Since its launch as a free iOS app on Jan 24 2013, marketers have been experimenting with the new social media trend, Vine, and how to best connect with customers. The mobile app, owned by Twitter, features short, six-second video loops often in the style of stop-motion animation. So what does this new social app with three million users posting one million videos a day mean for marketers?
Perhaps taking a look at five brands who have succeeded with Vine will give us some insights into where the technology is going:
uses their six seconds of video time to show fun ways to eat their delicious cookies; for example, as sprinkles over ice cream using a pepper grinder!
supports their "Self Esteem Project" by writing letters during the video with messages of confidence for young women.
demonstrates their dedication to environmentally friendly products with paper cutouts and cauliflower illustrating the carbon dioxide cycle.
promotes their summer sale showing clips of different products and bright flowers spelling out "summer sale."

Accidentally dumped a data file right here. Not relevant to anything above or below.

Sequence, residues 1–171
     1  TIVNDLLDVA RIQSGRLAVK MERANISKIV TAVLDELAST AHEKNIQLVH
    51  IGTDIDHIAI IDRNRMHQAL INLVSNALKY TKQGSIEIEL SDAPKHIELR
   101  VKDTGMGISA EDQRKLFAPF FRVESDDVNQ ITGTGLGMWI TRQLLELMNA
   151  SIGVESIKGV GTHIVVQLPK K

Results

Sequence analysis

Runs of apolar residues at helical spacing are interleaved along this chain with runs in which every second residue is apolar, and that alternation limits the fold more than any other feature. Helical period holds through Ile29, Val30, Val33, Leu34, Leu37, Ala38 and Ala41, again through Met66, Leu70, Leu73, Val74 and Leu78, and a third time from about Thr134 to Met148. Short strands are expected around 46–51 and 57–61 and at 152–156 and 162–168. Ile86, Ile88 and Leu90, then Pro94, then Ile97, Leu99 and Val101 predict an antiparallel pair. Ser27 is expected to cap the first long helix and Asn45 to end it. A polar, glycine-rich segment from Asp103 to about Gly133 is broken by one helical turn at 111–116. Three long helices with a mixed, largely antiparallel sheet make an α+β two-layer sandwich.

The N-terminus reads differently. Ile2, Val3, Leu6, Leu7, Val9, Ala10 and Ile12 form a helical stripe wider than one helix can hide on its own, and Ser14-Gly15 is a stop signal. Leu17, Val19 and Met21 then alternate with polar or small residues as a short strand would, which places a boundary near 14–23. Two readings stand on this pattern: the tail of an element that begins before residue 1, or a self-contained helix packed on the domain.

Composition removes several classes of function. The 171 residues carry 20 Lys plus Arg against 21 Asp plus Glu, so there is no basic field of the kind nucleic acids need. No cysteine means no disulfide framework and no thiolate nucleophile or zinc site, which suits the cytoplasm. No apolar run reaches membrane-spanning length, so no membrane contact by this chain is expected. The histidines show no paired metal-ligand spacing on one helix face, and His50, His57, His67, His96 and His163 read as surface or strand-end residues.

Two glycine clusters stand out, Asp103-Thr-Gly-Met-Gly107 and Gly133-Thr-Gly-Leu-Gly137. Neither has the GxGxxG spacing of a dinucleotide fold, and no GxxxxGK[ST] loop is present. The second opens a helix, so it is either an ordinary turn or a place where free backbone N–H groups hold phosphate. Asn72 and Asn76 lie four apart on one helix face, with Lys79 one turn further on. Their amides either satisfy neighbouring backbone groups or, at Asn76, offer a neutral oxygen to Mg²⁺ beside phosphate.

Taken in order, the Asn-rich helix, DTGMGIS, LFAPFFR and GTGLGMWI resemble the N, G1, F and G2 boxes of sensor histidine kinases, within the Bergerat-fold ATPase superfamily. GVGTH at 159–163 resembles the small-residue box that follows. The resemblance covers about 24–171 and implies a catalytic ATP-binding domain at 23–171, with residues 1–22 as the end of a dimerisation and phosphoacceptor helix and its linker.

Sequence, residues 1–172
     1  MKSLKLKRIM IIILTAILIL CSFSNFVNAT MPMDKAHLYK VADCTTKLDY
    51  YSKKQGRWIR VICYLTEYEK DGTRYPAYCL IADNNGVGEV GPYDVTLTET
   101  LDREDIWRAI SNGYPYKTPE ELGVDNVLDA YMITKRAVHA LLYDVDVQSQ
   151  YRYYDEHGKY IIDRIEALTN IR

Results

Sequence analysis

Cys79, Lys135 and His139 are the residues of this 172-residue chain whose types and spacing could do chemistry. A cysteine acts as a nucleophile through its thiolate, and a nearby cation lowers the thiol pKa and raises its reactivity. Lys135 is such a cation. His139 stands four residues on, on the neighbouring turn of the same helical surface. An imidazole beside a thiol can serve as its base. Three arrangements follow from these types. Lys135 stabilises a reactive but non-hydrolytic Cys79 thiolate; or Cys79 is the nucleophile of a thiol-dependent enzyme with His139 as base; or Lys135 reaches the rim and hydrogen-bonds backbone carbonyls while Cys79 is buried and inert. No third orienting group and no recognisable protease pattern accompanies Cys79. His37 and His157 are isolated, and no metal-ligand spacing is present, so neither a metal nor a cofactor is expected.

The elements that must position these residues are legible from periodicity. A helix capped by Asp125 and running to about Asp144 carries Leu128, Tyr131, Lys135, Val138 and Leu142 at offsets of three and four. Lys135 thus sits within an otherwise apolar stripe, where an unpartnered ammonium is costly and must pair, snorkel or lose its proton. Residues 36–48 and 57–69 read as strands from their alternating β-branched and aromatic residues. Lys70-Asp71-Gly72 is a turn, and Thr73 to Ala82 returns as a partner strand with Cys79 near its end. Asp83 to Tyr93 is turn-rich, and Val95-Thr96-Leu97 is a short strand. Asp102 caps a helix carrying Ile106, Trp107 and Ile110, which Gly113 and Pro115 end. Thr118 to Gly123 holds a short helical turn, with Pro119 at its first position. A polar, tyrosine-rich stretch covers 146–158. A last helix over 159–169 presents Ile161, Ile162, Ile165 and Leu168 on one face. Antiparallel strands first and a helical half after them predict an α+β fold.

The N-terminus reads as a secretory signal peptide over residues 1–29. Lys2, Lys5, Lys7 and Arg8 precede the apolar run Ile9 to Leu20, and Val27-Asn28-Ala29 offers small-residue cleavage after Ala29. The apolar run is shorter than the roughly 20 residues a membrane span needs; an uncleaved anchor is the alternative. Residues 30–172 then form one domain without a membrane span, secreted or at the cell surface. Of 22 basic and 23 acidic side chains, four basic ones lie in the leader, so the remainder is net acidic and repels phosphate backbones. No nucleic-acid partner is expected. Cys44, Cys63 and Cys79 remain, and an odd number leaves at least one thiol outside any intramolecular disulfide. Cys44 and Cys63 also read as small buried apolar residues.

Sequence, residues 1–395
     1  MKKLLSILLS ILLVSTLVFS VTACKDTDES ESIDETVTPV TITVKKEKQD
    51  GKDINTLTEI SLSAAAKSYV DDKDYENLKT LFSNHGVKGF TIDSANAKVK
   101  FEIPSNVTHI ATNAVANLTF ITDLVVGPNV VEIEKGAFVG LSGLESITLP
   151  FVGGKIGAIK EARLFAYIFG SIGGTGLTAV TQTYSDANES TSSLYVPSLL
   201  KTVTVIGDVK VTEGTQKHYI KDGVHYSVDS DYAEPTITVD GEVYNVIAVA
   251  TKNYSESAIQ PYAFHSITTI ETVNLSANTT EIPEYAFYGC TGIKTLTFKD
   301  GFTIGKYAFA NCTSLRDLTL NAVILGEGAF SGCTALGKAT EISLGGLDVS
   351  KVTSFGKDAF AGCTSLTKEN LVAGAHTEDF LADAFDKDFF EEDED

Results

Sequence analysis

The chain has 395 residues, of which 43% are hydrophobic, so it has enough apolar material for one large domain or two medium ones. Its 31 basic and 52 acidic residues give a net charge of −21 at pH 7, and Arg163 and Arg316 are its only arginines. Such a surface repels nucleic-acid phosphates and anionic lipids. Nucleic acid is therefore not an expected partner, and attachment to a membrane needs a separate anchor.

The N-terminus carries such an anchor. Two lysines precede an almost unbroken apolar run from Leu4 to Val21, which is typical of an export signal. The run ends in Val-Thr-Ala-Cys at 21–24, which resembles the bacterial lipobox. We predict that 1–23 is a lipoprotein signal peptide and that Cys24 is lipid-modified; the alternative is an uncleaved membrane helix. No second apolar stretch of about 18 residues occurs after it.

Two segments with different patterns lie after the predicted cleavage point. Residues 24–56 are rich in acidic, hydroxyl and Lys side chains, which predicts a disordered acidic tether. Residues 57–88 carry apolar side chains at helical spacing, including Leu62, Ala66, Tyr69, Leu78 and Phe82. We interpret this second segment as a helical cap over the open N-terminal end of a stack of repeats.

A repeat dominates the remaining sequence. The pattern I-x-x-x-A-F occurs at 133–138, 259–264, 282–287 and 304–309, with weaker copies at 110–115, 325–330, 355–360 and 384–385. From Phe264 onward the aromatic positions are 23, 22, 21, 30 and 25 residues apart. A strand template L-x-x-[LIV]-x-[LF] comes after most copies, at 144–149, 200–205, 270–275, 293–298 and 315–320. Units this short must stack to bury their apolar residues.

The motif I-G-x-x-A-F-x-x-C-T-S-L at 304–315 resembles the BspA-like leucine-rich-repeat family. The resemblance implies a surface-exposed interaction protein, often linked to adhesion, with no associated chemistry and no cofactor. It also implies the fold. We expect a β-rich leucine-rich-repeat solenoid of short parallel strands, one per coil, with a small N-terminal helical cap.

promotes their Beetle convertible by having fun with an outdoor mural about shark week.
Seeing the Vines and comment posts that accompany these short creative videos makes you feel like you are making a connection with the people and personalities behind each brand; it has a humanizing effect. It seems the business goal of marketers currently on Vine is to increase net leads and increase social media reach; direct sales have played a main role so far. This vehicle is another way for brands to engage customers, tell their brand story, promote new products/offers, and more.
But the question is: Have marketers just jumped on the bandwagon of yet another short-lived app? On June 20, not coincidentally on the same day Instagram introduced video sharing, Vine video linking nosed-dived from 2.5 million links shared to 1.5 million shared. This is a 70% drop in five days!
Video is the future of mobile marketing; according to an infographic from CareWorks, mobile video will represent 66% of global mobile data traffic by 2017. But will that traffic be through Vine or will the space be quickly saturated with thousands of more popular video-sharing apps? Will Vine soon be replaced by the likes of top-ranked apps such as Viddy, Keek, Klip, Mobli, Giftboom, or Socialcam?
Have you seen any Vines you think are share-worthy lately? Let us know @digitalpivot.